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Tuesday, May 10, 2016

The Homeless Guy



There's a guy who's moved into a small camper trailer down the road from me. Over the last few weeks I've had a chance to talk with him a bit. One evening he came over to play cards.

The guy was homeless for 5 years and living in Rhode Island. He came into a little bit of money. I'm guessing it was less than $20,000. With that money he purchased a small piece of land with electricity and water, a $600 trailer and a used car. The guy hired someone to tow the trailer next to his lot.

The gravel driveway is too steep to tow the trailer up is so he's had to hire a guy with some heavy equipment to move it for him. He's been busy trying to establish residency, get a mailing address, and all the normal things one does when moving into a new area.

There's been some difficulty as the town laws require a permanent structure on the land before they'll issue a house number. Without the house number he's been unable to transfer his driver's license from Rhode Island to New Hampshire.

The poor guy is a bit overwhelmed. As he put it: for the last five years he's had to make no decisions at all. He's out of practice. One night it got so bad he checked himself into the hospital with an anxiety attack.

It's not easy to get back in the “normal” world. Best I can tell, he got into his situation through a combination of bad luck, bad relationships, and bad decisions. I don't judge. Most people don't realize how easy it is to become homeless -or hard it can be to get back.

I did ask him how he planned on getting through the winter. On November 1st the homeless shelters back in Rhode Island open for the season. Rather than try to stay warm in his trailer he just might go spend the winter in the shelter.

-Sixbears

13 comments:

  1. Lend him a good book on survival. Bore him with useful advise. Be a friend bet he hasn't had one in a while. An 8x12 shed well insulated may solve both his problems. Add a sign Joe's fish camp if any thing is said about its size.

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    1. Good ideas. I am curious to see how he's making out.

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  2. Live Free or Die....meaningless words celebrated by each successive generation of wimps.

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    1. It's only meaningless if you don't personally live it.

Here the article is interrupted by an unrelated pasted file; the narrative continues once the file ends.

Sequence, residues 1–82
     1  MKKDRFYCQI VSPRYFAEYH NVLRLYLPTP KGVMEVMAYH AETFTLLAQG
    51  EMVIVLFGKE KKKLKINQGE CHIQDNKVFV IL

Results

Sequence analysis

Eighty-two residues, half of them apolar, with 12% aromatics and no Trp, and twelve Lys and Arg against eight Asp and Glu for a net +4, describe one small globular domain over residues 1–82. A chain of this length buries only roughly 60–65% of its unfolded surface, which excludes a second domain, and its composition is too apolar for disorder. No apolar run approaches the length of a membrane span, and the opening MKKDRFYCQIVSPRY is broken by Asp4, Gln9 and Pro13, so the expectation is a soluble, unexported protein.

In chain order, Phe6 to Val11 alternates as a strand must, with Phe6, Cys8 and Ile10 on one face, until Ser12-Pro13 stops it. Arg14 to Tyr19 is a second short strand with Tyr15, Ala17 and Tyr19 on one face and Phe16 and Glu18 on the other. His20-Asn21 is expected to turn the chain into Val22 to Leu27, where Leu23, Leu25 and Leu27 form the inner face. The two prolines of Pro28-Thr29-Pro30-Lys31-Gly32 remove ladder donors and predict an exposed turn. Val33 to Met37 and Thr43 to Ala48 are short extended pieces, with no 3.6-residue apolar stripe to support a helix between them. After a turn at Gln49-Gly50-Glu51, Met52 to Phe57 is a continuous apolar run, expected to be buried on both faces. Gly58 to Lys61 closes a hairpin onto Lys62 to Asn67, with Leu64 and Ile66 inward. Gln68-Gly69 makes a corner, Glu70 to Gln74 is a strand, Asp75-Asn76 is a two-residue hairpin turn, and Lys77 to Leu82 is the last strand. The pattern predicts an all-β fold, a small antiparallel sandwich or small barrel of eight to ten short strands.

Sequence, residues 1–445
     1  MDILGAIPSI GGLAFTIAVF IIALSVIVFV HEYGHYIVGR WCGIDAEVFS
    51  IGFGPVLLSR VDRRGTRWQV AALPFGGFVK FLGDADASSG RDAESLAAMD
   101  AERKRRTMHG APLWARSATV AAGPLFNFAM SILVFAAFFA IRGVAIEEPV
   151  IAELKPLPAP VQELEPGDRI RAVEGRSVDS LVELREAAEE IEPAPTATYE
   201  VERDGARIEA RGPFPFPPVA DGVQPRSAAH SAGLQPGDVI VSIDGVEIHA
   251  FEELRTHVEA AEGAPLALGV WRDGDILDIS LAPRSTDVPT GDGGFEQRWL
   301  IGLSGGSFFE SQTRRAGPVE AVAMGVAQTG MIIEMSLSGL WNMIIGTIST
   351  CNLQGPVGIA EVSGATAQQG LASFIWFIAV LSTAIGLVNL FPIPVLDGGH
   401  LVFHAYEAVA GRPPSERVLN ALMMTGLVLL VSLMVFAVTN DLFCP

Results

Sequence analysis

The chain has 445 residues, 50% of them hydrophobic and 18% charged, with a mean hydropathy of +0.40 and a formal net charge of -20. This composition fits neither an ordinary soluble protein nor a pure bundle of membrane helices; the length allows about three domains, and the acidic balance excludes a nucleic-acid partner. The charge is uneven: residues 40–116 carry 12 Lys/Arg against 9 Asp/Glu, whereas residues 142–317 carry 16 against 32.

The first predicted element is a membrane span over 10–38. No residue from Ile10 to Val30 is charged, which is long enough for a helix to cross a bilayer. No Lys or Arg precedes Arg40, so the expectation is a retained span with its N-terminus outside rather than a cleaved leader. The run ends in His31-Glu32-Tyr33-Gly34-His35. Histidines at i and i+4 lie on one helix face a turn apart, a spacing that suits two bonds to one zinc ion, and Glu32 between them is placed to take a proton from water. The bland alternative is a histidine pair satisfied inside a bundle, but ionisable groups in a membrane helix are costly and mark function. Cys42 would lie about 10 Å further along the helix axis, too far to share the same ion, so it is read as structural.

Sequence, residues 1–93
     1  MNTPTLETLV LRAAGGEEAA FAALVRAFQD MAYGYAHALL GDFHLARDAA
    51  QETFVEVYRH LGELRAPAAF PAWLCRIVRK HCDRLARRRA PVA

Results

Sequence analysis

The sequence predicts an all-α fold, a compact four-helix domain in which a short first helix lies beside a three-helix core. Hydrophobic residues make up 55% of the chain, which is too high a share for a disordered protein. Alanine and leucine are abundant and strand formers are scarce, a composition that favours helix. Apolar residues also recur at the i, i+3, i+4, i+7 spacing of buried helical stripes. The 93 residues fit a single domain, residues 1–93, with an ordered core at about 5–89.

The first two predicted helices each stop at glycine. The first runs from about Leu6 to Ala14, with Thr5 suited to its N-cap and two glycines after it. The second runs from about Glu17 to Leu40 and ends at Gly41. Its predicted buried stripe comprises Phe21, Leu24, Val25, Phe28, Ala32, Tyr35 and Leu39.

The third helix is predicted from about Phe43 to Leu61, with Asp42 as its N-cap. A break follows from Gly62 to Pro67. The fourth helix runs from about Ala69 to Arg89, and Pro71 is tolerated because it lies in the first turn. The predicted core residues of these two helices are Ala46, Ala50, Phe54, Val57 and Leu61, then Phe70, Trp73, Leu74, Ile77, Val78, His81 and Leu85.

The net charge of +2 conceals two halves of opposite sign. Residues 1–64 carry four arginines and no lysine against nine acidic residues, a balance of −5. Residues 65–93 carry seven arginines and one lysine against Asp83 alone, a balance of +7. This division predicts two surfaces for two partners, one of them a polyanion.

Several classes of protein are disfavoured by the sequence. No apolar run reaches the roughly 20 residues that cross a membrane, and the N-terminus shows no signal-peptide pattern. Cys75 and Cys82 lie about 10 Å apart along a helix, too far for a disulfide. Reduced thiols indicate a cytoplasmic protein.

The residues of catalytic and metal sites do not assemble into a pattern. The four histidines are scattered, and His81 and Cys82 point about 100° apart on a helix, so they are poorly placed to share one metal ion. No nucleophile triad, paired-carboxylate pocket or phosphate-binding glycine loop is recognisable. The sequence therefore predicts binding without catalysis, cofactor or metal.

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  3. Building a structure might be out of his financial means. The town codes might specify a minimum size and will likely require a septic system and electric hook up for a permanent dweling. Surely putting it beyond his financial means. But if he owns the land he pays taxes on it. He needs to visit the local county's registry of deeds. The deed has an address to identify the lot. Even if it is not clearly numbered, it can be deduced from abutting properties. I'd use that. Even if some fibbing is required.

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    1. I've encouraged him to talk to certain people at the town hall, but he's afraid to make too many waves. Used to keeping a low profile.

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  4. In Kansas, the local county's registrar of deeds does have the legal description and street address for public utilities and 911/emergency services. However, addresses on the homes may be different. I got into that, in two small towns I lived in. Both little towns didn't have home delivery so I took in the deed of the property to the local post office and rented a mail box. This tied everything together and established residency for me. I wish him luck.

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    1. He did get a PO box and straightened out his electric billing so that's progress.

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  5. I have never had a mailbox at my residence here in East Texas. I do, however, have a post office box where I get all my mail. Not having a mailbox at my property has caused a problems now and then.

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    1. I'm glad I've got one, the largest allowed by law as I get a lot of mail and packages.

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  6. Maybe your winters on the road will inspire him to find a way to get everything up and running.

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    1. Maybe. He seems to be slowing getting things together. Got his trailer moved to the right place and is sorting out other things.

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  7. I am moving into a camper this week. It's not too bad.

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